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SOURCE: National Institutes of Health, U.S.Department of Health and Human Services: Link to NIH

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Cardiopulmonary Manifestations


Cardiac abnormalities contribute significantly to morbidity and mortality in SLE and are among the most important clinical manifestations of the disease. In addition, involvement of the lungs and pleurae is common. Pericarditis, an inflammation of the pericardium, is the most common cardiac abnormality in SLE. Myocarditis, an inflammation of the heart muscle, may also occur, but is rare. Myocardial infarction, caused by atherosclerosis, is increased in SLE patients, even below the age of 35 years.

Pleuritic chest pain is common. Pleurisy is the most common respiratory manifestation in SLE. Attacks of pleuritic pain can also be associated with pleural effusions. Many patients complain of chest pain, but pericardial changes are not often demonstrated on clinical evaluation.

Potential Problems

1. alterations in cardiac function 2. potential for impaired gas exchange and ineffective breathing patterns 3. alteration in tissue perfusion

Potential Cardiopulmonary Manifestations

  • pain in the anterior chest, neck, back, or arms that is often relieved by sitting up
  • shortness of breath
  • swelling of legs and feet
  • audible pericardial friction rub
  • shortness of breath
  • fatigue
  • palpitationss
Atherosclerosis Leading to Myocardial Infarction
    Warning signs of myocardial infarction include:

  • burning, choking, squeezing, or pressing chest pain that may radiate to left shoulder and arm
  • shortness of breath
  • weakness
  • unrelieved indigestion
  • nausea and vomiting
  • shortness of breath
  • chest pain, especially with deep inspiration
Leukocytoclastic Vasculitis
  • necrotic ulcerations, including raised hemorrhagic nodules (papule, purpura) that ulcerate, especially on the lower legs, ankles, and dorsa of the feet
Valvular Heart Disease (Libman- Sacks Lesions)
  • lesions that may result in cardiac murmurs and valve dysfunction; associated with APLs
Venous Thrombosis
  • positive Homans' sign (pain associated with forced dorsiflexion of the ankle)
  • pain, swelling, inflammation, redness, and warmth in the affected limb
  • increased circumference of affected limb
Arterial Thrombosis
  • pain or loss of sensation due to ischemia in an extremity
  • paresthesias and loss of position sense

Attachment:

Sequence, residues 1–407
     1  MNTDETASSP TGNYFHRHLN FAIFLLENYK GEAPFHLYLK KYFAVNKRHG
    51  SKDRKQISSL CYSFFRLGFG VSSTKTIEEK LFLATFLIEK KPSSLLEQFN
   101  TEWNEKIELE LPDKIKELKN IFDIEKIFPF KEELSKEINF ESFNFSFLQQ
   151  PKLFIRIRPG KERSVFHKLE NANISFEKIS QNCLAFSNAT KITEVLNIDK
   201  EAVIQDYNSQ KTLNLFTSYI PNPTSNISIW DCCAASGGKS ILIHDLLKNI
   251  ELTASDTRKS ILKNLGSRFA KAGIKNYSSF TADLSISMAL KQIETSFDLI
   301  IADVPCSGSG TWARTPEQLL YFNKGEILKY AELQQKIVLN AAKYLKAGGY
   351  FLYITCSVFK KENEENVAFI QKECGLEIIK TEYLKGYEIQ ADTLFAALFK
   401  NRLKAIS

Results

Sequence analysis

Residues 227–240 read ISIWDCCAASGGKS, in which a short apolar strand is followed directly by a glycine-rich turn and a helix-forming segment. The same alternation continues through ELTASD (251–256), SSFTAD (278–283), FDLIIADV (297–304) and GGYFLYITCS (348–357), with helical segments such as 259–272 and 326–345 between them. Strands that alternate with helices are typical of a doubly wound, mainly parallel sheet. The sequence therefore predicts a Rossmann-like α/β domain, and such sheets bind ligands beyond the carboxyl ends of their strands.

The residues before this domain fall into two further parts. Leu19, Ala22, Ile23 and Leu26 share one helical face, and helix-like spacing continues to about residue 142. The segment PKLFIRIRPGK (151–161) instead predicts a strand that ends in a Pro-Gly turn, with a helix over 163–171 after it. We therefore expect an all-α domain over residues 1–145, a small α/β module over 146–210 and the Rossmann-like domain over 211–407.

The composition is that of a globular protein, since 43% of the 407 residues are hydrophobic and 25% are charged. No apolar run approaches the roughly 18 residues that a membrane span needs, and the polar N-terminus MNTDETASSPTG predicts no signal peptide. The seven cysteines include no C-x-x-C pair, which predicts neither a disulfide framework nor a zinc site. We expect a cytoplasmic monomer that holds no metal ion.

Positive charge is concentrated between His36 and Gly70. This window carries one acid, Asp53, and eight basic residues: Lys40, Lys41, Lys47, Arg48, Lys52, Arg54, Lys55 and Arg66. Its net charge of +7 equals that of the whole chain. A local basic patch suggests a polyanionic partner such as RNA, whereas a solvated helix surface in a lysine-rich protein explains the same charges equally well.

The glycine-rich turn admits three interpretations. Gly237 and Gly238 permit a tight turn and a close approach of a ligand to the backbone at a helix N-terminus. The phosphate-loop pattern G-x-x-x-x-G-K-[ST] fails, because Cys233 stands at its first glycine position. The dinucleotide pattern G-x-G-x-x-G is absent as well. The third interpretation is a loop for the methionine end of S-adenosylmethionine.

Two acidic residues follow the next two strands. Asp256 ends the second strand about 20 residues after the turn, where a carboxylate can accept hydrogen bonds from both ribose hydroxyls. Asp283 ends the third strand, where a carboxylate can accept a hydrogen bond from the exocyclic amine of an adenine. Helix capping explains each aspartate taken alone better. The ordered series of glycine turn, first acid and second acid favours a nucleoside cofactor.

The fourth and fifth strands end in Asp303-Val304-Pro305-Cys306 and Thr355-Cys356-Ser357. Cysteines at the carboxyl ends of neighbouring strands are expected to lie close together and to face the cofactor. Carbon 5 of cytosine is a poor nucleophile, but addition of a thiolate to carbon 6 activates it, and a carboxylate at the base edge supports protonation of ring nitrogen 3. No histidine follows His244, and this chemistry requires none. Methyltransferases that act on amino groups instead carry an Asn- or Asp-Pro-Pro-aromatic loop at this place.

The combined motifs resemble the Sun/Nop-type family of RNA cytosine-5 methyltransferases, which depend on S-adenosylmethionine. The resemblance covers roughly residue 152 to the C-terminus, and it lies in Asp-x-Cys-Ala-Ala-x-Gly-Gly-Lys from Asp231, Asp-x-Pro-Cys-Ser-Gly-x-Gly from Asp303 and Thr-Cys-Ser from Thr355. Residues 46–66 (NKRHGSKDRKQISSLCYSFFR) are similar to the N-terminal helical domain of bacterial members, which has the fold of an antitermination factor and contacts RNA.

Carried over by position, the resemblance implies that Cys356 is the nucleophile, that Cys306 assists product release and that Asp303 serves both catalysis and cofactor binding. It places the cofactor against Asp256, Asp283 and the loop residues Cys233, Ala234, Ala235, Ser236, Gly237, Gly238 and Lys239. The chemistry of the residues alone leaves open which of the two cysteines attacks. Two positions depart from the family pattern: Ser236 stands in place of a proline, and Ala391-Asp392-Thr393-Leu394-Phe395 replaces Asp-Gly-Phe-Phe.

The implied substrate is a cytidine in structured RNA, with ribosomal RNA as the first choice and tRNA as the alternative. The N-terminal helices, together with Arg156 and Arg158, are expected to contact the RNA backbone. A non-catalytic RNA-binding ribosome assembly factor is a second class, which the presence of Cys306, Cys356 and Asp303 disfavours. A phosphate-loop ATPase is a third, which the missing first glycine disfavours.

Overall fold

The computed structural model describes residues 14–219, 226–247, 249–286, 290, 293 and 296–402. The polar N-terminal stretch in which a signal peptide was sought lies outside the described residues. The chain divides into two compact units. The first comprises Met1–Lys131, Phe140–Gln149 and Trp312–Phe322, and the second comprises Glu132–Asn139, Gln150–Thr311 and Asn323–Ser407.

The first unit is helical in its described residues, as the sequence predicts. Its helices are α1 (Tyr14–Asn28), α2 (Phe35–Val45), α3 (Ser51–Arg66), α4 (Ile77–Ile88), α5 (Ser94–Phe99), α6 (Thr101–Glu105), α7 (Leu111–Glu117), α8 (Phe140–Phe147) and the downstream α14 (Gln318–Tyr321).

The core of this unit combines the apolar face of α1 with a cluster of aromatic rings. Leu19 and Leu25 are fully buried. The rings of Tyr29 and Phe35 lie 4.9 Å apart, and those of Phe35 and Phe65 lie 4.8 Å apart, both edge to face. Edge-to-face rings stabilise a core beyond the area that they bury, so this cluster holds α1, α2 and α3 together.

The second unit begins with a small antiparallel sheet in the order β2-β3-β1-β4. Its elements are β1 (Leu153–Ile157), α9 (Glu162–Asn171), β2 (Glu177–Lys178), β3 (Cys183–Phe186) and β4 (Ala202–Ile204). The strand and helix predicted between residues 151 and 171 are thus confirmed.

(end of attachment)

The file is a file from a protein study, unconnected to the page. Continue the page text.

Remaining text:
• coldness
  • pallor
  • paralysis, loss of speech
  • no pulse in the extremity

Nursing Interventions

Objective: Detect changes in cardiac function.

1. Assess the patient for signs and symptoms of potential cardiac problems.

2. Teach the patient signs and symptoms of cardiac problems, including warning signs of a heart attack; reinforce the importance of reporting them to the physician.

3. Educate the patient about medications.

4. Educate the patient about a healthful diet and regular exercise as tolerated.

Objective: Maintain adequate gas exchange and effective breathing patterns.

1. Assess quality and depth of respirations; auscultate breath sounds.

2. Suggest measures to relieve pain, such as relaxation techniques, biofeedback, rest, and pain medications as ordered.

3. Encourage patients who smoke to quit.

Objective: Ensure adequate tissue perfusion.

1. Assess skin color and temperature; check for lesions.

2. Check capillary refill in the nailbeds.

3. Assess for presence of edema and pain in the extremities.

4. Stress the importance of not smoking.

5. Teach the patient the basics of good foot care.

6. Teach the patient to avoid cold temperatures and to keep the hands and feet warm, especially in winter months.

7. Teach the patient the signs and symptoms of vascular impairment that need to be reported to the physician, including a change in skin color or sensation or appearance of lesions.

Objective: Recognize the signs and symptoms of thromboses; refer for immediate medical attention.

1. Teach the patient the signs and symptoms of potential venous or arterial thrombosis and reinforce the need to contact a physician immediately.

Note: For additional information, see the Patient Information Sheet on Serious Conditions Associated With Lupus.

Source: National Institutes of Health, U.S.Dept of Health and Human Services

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